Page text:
Saturday, February 20, 2016

Episode #336 Part II: Superman Family Comic Book Cover Dated October 1961: Superman's Pal Jimmy Olsen #56!

Superman's Pal Jimmy Olsen 56, October 1961!

Download Episode 336 Part II!

SUPERMAN'S PAL JIMMY OLSEN 56, October 1961, was published around August 17, 1961. It contained 32 pages STILL for the cover price of only a dime. Mort Weisinger was the editor, and the cover was pencilled by Curt Swan and inked by John Forte. It featured the issue's first story.

- THE SON OF JIMMY OLSEN (9 pgs.), was written by Jerry Siegel and drawn by Kurt Schaffenberger. This is the 9th Imaginary Story covered on this podcast. It was reprinted in SUPERMAN'S PAL JIMMY OLSEN 117, January 1969, around November 26, 1968. This story was also Siegel's 63rd Superman Family story covered on the podcast, and his 108th overall for the era.

- THE JINX OF METROPOLIS (8 pgs.), written by Jerry Siegel and drawn by John Forte. This was Siegel's 64th Superman Family story covered on this podcast, and his 109th overall for the silver age.

- JIMMY OLSEN'S SWEETHEARTS (8 pgs.), writer unknown according to Mike's Amazing World Of DC Comics, while the Grand Comic Book Database credits Robert Bernstein as the writer. Al Plastino drew this story.

Also highlighted in this episode are the issue's ads and other features, including the JIMMY OLSEN'S PEN PALS letter column.

Elsewhere in DC Comics 27 titles carried the October or October/November 1961 cover date, according to Mike's Amazing World Of DC Comics. They were covered at the end of Episode 255, for the week of January 23, 2013.

This episode begins with the monthly MY PULL LIST segment, where I review the March 2016 cover dated issues, released in January 2016, which I received from Discount Comic Book Service.

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  2. Holy moly! (to borrow an expression from Captain Marvel) How many problems are there in the imaginary tale "The Son of Jimmy Olsen"?! First, despite Superman's reference to young Jimmy Olsen Jr. as "a nice family friend, and that's all", he is ACTUAL FAMILY! Since his mother and Lola's mother are sisters, he and Lola are first cousins. He is Lois and Superman's nephew! What kid wants to take his cousin to a dance, let alone date her? Holy ick-factor! (to borrow an expression from the Boy Wonder) I'm surprised that you didn't mention the family relationship, especially given your expressed wish for Supergirl to appear in the story. I thought that might have reminded you that Supergirl is Superman's first cousin, which might have reminded you that Jimmy, Jr. and Lola are first cousins.
    Beyond that obvious problem, Superman's objection to Jimmy Jr. and Lola's potential romance because it would put Jimmy Jr. in danger from Supermaid's enemies is silly, in the face of Superman's marriage to Lois. Same issue, same solution. If the ordinary humans are married to the superhumans' secret identities, who would associate the ordinary spouses with the superhumans, in order to threaten them? It was the revelation of the secret identities later in the story that was the source of the danger.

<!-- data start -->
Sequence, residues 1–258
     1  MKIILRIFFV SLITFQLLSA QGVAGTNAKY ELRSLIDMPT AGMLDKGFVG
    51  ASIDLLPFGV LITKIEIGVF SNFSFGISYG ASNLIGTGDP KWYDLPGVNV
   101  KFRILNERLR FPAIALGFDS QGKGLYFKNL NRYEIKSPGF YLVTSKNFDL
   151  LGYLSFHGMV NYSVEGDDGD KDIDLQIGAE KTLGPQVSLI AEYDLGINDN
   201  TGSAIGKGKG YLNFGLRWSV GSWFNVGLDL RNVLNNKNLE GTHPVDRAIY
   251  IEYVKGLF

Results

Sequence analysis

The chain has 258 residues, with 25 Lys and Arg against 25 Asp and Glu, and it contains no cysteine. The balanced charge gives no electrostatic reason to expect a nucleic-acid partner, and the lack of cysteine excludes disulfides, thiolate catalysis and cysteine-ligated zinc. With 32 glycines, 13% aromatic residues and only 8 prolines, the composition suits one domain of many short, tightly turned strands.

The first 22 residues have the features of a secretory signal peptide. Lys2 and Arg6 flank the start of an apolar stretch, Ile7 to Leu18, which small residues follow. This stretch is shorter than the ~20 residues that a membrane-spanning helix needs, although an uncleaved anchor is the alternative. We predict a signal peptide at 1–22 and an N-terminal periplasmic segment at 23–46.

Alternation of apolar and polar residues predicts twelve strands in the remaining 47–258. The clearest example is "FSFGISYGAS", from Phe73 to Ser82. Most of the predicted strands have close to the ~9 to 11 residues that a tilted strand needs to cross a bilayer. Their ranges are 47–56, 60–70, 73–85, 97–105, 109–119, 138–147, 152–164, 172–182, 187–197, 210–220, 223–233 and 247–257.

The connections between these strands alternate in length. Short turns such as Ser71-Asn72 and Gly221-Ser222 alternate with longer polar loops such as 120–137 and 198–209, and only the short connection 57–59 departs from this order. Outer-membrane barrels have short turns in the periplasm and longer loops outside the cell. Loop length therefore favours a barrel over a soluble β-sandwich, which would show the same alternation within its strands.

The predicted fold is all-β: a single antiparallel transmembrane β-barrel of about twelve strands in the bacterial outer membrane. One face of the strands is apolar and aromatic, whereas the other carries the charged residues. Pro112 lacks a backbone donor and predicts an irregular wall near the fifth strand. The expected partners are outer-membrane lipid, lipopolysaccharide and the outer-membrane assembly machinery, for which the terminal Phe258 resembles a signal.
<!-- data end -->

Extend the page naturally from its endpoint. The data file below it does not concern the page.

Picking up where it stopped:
Given that this was an imaginary story, maybe this was in a world in which first cousins are free to marry, and cousins/nephews are considered "nice family friends, and that's all", but that doesn't seem to be mentioned in the story, and doesn't seem to fit DC's usual world-view of the time. I have to think of this story as just a big mistake, overall, which is most unusual for me. I generally love Silver Age stories, particularly imaginary stories, beyond all reason, but this one just doesn't work at all for me.

    1. You're absolutely right. I can't believe I missed that point. Thanks for pointing it out. Back in Action Comics #289, there was another creepy moment when Superman told Supergirl that if he married, it would be to someone like her, and she was still a minor. I covered that story back in Episode #278 for the week of August 21, 2013. It makes you wonder how DC could even consider publishing that story, even if it was only an "imaginary" one.

    2. I had thought of the story of "Superman's Super-Courtship", too, but realize that was published after this story, so maybe the writers and editors learned their lesson after this one, at least about not having cousins marry.

  3. If the story had been imagined with Superman married, say, to Lana Lang rather than Lois Lane, it would have eliminated the issue of a romance between cousins, but there would still have been the problem of Superman's hypocrisy about the danger to Jimmy, Jr., from Supermaid's enemies, since the same solution he and his wife used (her marrying Clark rather than Superman) would have worked for the youngsters, with Jimmy, Jr., marrying Lola rather than Supermaid. This says, to me, that the story is really unsalvageable.

  4. I just listened to Episode 337, where you discussed this comment thread, and interestingly enough I had just recently done some research into cousin marriage for a completely different reason. I'm not about to come out in full support of it, but it's definitely not the universal taboo that a lot of people think it is.

    Marriage of first cousins is legal in 20 US states, as well as in a vast majority of countries in the world. There are even a few where it's fairly commonplace for societal reasons.

    Much like Billy, I didn't think anything of it as I was reading this story. They didn't emphasize it at all, so while it may raise some readers' hackles I don't think they were trying to pull a fast one on us. It'll be interesting to see if anyone brings this up in the letters page of a future SPJO issue.

    For more on cousin marriage, should you be so inclined, check out the article on Wikipedia.